Could specialty cut flowers grown in high tunnels attract pollinators to nearby agricultural crops—and provide growers with a supplemental income source? A research team in Wyoming finds promising results.
A study looking at floral density and pollinators finds that some types of pollinating insects prefer dense flower patches more than others, but that preference can also vary by flower species, too. The complicated findings offer clues to how multiple pollinator species co-exist and compete for floral resources.
Research in the Sierra Nevada region of California illustrates the varying flower choices of bumble bees: The five most common bumble bee species studied each selected a different assortment of flowers, and each selected at least one flower species not selected by the others. The findings are already being put to use in forest restoration efforts to increase and improve quality of bumble bee habitat.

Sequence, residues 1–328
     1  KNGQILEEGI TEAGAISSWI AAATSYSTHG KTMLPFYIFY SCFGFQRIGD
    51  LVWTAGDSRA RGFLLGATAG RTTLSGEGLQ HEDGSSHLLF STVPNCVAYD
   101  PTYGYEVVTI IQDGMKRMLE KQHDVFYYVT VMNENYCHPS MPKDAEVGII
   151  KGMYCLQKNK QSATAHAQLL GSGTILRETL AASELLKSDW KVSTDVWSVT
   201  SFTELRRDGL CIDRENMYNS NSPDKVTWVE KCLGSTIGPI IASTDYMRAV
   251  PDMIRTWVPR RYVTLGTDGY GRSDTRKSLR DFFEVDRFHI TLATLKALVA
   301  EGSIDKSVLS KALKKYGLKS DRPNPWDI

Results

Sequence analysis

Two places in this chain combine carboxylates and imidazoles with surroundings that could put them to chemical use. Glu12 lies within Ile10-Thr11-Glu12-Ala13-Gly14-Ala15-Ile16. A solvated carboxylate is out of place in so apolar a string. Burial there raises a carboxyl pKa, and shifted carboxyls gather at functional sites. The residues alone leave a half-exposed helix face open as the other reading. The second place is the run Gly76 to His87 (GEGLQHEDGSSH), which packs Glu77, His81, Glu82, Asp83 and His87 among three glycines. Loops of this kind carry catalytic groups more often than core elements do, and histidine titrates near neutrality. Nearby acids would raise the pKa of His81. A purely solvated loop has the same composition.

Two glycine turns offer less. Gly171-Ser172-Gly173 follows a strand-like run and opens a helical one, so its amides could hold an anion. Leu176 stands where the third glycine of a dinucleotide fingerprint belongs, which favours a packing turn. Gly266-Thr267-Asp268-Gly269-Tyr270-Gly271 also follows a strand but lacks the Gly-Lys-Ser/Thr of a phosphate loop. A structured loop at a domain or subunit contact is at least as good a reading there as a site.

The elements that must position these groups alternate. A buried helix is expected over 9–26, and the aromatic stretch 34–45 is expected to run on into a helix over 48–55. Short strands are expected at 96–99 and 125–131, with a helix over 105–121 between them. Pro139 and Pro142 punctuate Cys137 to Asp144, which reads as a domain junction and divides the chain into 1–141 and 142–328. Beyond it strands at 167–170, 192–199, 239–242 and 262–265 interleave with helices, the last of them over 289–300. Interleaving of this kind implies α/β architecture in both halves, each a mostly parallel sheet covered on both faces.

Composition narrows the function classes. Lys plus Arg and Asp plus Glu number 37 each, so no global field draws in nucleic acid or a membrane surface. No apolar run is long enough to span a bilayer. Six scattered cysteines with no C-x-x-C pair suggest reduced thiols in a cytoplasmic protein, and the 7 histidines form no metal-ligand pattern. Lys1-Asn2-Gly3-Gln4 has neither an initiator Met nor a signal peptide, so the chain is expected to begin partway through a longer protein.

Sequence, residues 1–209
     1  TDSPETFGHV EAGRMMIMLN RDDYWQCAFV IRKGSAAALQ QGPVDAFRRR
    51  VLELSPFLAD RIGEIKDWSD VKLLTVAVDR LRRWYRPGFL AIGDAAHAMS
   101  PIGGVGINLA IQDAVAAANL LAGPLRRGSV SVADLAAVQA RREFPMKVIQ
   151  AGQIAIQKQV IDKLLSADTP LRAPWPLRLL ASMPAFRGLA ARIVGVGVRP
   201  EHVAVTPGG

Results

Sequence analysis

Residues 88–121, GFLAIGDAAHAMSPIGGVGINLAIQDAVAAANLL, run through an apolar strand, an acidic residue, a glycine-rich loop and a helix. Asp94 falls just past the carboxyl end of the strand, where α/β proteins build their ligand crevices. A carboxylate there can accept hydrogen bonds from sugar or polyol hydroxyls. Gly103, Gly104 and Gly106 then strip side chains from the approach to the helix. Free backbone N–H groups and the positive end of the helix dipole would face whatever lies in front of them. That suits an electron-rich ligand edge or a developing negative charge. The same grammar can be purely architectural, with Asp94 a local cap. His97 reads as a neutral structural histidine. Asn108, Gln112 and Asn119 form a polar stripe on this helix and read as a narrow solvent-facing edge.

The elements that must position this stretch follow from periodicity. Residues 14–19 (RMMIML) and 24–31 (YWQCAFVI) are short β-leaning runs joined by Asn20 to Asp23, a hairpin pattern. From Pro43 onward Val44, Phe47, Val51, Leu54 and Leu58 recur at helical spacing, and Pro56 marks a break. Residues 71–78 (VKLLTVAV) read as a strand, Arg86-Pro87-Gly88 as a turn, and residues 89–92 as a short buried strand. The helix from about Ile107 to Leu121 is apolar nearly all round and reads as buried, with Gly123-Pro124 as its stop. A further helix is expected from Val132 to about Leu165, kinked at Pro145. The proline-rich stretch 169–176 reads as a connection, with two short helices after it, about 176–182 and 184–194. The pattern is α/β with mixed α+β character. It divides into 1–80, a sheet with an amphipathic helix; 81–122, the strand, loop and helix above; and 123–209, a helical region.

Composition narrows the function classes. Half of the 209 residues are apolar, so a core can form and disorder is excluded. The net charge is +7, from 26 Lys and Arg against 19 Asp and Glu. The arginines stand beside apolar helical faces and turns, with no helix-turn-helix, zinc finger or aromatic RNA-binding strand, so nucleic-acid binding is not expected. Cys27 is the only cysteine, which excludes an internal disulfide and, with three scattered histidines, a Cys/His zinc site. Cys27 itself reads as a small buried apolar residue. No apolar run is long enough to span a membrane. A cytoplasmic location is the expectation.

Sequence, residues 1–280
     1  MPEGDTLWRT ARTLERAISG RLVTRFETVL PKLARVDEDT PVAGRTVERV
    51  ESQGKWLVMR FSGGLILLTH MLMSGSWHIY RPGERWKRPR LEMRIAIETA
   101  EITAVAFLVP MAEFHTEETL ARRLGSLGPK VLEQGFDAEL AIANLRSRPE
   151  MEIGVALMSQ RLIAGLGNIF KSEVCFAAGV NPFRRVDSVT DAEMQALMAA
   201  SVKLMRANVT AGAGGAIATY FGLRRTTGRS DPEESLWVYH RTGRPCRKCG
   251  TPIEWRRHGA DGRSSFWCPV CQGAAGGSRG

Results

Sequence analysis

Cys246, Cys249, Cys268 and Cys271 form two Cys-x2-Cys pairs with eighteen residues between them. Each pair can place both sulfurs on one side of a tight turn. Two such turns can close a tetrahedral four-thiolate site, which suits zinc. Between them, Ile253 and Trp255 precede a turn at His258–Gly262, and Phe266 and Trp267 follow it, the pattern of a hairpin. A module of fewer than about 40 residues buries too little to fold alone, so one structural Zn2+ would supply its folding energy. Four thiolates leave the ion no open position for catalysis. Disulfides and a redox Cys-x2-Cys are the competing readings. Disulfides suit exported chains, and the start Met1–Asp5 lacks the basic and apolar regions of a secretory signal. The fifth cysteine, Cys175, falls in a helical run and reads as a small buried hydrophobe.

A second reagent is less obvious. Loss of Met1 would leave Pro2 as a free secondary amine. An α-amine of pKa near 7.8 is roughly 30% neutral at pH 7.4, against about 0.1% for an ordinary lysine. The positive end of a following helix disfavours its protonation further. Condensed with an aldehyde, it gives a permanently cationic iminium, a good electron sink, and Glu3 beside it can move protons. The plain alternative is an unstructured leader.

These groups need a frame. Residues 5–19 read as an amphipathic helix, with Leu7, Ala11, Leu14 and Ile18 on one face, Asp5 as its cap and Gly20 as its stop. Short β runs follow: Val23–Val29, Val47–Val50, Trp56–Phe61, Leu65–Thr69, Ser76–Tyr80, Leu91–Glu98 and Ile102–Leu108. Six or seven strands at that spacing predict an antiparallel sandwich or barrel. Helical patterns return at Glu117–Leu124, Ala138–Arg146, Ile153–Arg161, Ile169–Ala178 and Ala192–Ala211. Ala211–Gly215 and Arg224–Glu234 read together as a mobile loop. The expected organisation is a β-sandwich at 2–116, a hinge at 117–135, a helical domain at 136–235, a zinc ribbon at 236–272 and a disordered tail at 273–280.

By Josh Lancette Certain mosquitoes are more likely to lay eggs in water sources near flowers than in water sources without flowers, according to an article published in the Journal […]